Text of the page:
Many countries have aspired to land on Mars and discover something unique. Since NASA's Perseverance and China's Zhurong's Mars landing, everyone has been wondering if this will end up in a space war.
The Perseverance Rover landed on Mars on February 18, in Jezero Crater on the western side of Isidis Planitia. On May 15, China's Zhurong rover successfully touched down on the surface of Mars on Utopia Planitia, making it only the third country in history to accomplish this goal.
The ultimate goal
The Mars Reconnaissance Orbiter (MRO) has been orbiting Mars since 2006, investigating its geology and environment, besides looking for indications of water ice, and exploring possible landing locations for future mission.
Both rovers have arrived on Mars to explore The Red Planet's geology. In this extraterrestrial world, Zhurong will look for evidence of water ice on the ground. Perseverance is designed to conduct an exploration of the Martian surface in search of evidence of past and contemporary life on the planet and will also test the future Mars missions' ability to produce oxygen from CO2.
Perseverance is NASA's largest and most complex rover yet. Its primary payload consists of nineteen cameras, seven instruments and two microphones. It has a similar design to Curiosity, its previous rover, from which it received minor upgrades.
Zhurong is the first Mars rover to include a magnetometer. Two cameras on a mast capture photos of surrounding rocks while the rover is immobile. Multispectral imaging between the two navigation imagers reveals the minerals in these rocks. It has a GPS.
Recent updates and next step
At Citadelle, the Perseverance rover crew discovered a very inviting target – a rock called "Rochette." Perseverance will tear the granite over the next few days. On September 4, NASA's Ingenuity Mars Helicopter captured an image of the geologic target, which the Mars rover team has dubbed "Faillefeu." This photograph was taken on the 13th flight of the aircraft.
The sample collected by the rover Perseverance will be returned to Earth via a combined NASA-European Space Agency effort, perhaps as early as 2031. They will then be meticulously studied by experts from across the world for evidence of previous Mars life and hints about the planet's geology and climatic history, among other things.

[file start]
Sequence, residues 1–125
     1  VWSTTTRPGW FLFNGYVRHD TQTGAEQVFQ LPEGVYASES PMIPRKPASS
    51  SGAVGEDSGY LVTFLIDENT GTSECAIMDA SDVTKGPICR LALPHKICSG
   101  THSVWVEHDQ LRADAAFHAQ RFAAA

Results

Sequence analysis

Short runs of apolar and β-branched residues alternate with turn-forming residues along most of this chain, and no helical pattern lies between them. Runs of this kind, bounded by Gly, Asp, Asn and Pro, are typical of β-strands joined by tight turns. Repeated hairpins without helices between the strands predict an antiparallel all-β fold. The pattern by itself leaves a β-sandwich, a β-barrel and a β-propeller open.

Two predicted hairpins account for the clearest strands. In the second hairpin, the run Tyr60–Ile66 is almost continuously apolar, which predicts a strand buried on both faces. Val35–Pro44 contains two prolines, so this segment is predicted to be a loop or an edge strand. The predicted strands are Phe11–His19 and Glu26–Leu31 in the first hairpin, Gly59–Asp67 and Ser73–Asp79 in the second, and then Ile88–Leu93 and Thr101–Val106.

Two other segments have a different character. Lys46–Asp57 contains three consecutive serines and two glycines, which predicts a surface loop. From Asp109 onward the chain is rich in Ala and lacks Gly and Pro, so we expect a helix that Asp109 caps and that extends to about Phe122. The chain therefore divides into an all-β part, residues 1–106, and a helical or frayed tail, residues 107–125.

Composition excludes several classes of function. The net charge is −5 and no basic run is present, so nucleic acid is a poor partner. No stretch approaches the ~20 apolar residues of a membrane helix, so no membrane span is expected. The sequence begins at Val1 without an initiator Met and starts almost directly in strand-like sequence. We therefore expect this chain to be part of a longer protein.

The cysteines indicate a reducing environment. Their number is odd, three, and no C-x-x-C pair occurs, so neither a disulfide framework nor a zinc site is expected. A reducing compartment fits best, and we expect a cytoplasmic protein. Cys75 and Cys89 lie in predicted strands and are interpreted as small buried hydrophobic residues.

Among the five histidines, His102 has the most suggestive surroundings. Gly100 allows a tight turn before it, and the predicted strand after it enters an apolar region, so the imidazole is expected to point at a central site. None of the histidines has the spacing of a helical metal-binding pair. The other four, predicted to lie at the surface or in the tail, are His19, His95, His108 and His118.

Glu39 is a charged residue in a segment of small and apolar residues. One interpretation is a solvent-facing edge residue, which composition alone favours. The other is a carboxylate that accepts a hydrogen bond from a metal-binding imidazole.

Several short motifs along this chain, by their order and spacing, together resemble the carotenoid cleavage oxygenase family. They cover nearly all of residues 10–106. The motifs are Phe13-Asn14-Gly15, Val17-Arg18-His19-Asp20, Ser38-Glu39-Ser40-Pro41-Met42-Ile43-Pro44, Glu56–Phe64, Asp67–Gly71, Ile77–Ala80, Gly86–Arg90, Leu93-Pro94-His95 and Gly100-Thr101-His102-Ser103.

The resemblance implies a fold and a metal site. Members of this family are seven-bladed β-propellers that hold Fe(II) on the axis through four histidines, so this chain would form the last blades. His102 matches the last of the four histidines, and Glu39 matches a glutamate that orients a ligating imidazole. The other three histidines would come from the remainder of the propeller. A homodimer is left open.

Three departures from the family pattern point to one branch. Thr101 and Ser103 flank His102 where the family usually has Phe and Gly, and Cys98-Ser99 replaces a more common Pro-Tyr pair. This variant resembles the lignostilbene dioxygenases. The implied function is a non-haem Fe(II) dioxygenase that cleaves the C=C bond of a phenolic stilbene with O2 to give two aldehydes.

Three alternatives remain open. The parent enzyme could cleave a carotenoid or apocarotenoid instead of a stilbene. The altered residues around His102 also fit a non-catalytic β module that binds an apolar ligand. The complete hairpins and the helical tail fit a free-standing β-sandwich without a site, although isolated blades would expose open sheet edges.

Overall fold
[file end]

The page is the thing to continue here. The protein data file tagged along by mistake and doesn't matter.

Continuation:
Due to interference from the sun's charged particles, the Zhurong rover and Tianwen-1 will be in safe mode from September to October.
"By giving our scientists these data, we can hopefully learn more about Mars' geology and possibly locate evidence of an ancient ocean in Utopia Planitia", says Liu Jianjun, The lead designer of Tianwen - 1 Ground application system.
Will there be a war?
Numerous other spacecraft is now orbiting Mars, notably the UAE 'Hope Orbiter', which arrived in February. "The more the better," says David Flannery, an astrobiologist from Australia's Queensland University of Technology.
According to John Logsdon, a professor at George Washington University's Elliot School of International Affair's, "I believe we'll see a mix of collaboration and competition, most likely between two blocs led by the US and China and this is not always a terrible thing."
On the other hand, Bill Nelson, the new NASA administrator believes that NASA is already engaged in a space competition with China and that the US must be "wary".